Each month, the New Home Trends Institute (NHTI) by John Burns Real Estate Consulting puts out a survey insights report. In July, the firm tackled mindset shifts in home design, including the reallocation of indoor and outdoor space.
Of the 226 residential architects, designers, and design-oriented builders surveyed, 56% of architectural designers had included a newly requested room or room function in at least one of the homes they designed last year.
TOP 5 NEW ROOMS / ROOM FUNCTIONS IN HOME DESIGN
What are these new rooms being added, you ask? NHTI says to expect more workspace, fitness, and flex spaces. Here are the top five new rooms or new room functions added in 2021 designs.
1. Home office (including pocket offices, “Zoom” rooms, and tech alcoves)
With the rise in working and learning from home, homeowners have had to retool their rooms to serve new and multiple functions. They’ve also had to rethink their assumptions about how big a room should be and what it should look like.
A home office, for instance, doesn’t have to mean a spacious room with a huge desk and paneled walls. It can instead be a functional, well-lit workspace with just-enough room for storage.
2. Fitness space
Some companies like Crane Fitness Equipment have partnered with builders to simplify and customize the homeowners’ desired fitness spaces. Dalamar Homes, a female-owned custom home builder based in Middle Tennessee, is one of Crane’s latest partners.
One of the main priorities for Crane Fitness Equipment is affordability for customers. Crane’s intention is to offer customers a huge variety of personal workout space packages, while still being affordable. Additionally, the customer does not have to go along with a specific option that is offered by Crane Fitness. Much like Dalamar Homes, Crane Fitness encourages customers to make suggestions or further customize the packages based on their preferences.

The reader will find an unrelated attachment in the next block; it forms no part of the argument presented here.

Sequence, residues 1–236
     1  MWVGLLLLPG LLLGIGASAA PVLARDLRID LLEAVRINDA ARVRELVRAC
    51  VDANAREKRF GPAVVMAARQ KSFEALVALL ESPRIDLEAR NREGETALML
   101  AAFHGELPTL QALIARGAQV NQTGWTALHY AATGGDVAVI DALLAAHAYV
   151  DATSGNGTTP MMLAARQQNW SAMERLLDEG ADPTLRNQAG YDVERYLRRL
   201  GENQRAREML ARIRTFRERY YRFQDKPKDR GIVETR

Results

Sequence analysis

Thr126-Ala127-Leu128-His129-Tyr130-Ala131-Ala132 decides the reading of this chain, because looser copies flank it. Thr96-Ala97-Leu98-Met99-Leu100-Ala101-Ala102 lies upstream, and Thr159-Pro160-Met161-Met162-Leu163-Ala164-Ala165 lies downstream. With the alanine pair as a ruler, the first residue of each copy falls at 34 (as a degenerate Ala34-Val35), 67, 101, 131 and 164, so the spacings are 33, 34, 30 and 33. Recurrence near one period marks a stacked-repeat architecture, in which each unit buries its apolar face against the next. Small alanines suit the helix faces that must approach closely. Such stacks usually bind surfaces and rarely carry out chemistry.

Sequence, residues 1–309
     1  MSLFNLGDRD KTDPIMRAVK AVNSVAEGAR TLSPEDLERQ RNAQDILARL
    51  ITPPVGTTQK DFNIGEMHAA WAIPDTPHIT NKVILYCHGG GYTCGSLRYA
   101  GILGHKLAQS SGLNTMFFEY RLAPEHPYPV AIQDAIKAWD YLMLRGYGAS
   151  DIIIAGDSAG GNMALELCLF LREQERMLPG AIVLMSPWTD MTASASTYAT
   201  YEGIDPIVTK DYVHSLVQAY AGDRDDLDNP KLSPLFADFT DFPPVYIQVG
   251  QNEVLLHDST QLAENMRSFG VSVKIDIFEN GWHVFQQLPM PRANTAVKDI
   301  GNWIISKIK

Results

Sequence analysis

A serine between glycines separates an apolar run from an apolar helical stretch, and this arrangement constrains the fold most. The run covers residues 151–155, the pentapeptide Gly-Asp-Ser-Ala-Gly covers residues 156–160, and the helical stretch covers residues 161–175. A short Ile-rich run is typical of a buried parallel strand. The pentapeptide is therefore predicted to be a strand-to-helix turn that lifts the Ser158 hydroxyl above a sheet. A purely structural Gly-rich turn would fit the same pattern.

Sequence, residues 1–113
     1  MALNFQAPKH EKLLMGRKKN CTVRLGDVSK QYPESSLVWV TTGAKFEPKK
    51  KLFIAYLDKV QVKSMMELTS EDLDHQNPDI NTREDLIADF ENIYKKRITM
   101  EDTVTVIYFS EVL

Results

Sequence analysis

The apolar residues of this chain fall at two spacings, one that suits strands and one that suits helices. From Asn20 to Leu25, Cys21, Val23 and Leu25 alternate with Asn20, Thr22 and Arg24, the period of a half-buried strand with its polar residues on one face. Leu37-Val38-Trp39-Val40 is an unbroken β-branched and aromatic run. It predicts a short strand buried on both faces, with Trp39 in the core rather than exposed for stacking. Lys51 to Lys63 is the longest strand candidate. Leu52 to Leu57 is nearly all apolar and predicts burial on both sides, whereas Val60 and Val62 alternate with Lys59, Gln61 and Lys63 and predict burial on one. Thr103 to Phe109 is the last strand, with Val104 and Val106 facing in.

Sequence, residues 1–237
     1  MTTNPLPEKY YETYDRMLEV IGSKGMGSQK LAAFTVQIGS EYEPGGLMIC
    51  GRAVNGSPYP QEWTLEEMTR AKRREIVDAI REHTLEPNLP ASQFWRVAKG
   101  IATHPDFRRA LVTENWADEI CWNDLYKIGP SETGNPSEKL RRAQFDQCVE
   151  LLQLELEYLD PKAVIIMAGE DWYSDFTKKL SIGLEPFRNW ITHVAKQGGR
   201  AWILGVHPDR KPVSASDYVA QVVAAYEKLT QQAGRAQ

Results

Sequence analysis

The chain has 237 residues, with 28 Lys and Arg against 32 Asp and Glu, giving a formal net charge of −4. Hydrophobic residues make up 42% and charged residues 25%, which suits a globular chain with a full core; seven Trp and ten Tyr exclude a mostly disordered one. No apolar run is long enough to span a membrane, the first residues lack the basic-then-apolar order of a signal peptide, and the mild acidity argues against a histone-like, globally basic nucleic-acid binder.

3. Flex space
Research from the NHTI survey shows that over half (58%) of single-family homes designed in 2021 have a flex space—up from 38 percent.
What are flex spaces? Flex spaces (or flex rooms) are spaces designed to change, be it daily, weekly, monthly or more. That means a room that can function as an office by day, yoga studio by night, for example. The goal is to provide an additional space for the homeowner to make their own, and adjust whenever they please.
One Martha’s Vineyard development uses flex rooms to emphasize connection and wellness for its residents. For residents 55-and-older, flex rooms can be turned into a designated space for telehealth visits—maybe permanently, or just for however long the resident needs.
People who work from home could make the space a “Zoom room'' during the week, and an art studio on the weekend, for example. In the end, NHTI suggests to consider how spaces will be used; accommodate for aspiration indulgence, but remain within reason.
4. Butler’s pantry
The kitchen has remained the most influential part of a home’s purchase. Before buying a property, over half of homeowners need the room to be “just right,” according to NHTI.
While everyone loves a nice, open kitchen, there’s evidence that unnecessarily large kitchens feel like a waste of space to homeowners. Enter: the butler’s pantry.
A butler’s pantry or back kitchen can provide extra room for food prep, storage space, a second dishwasher or sink, extra outlets for small appliances, proximity to the pantry, and a new way to connect the kitchen to the garage and other areas of the house. This space can also be closed off with a glass-panel door to maintain a sleek, uncluttered kitchen look.
Having a back kitchen also allows for more storage space in the home—another “must” for homebuyers.
5. Accessory dwelling unit (ADU)
What’s not to love about an ADU? These versatile pocket-homes have been used as extensions of the home, a suite for in-laws, and even a place to rent out for some extra income.
ADUs come in all shapes and sizes, too. Ones that are modular, 3D-printed, and even both at once. LA-based company Azure Printed Homes combines a trio of leading-edge methods—3D printing, prefab, and modular—to build its affordable ADUs.
Accessory dwelling units are suitable not only for providing additional housing in highly populated areas, but also as a “stepping stone” to affordable housing. Studies show that over half (54%) of Americans would give up backyard space for an ADU. Seventy-eight percent of survey respondents would even give up other spaces, such as the garage or basement, to build an ADU on their property.
To find out how to get access to the July Survey Insights Report, and other exclusive research from the New Home Trends Institute (fresh reports released monthly), visit NewHomeTrendsInstitute.com or email Allie Martin at email@example.com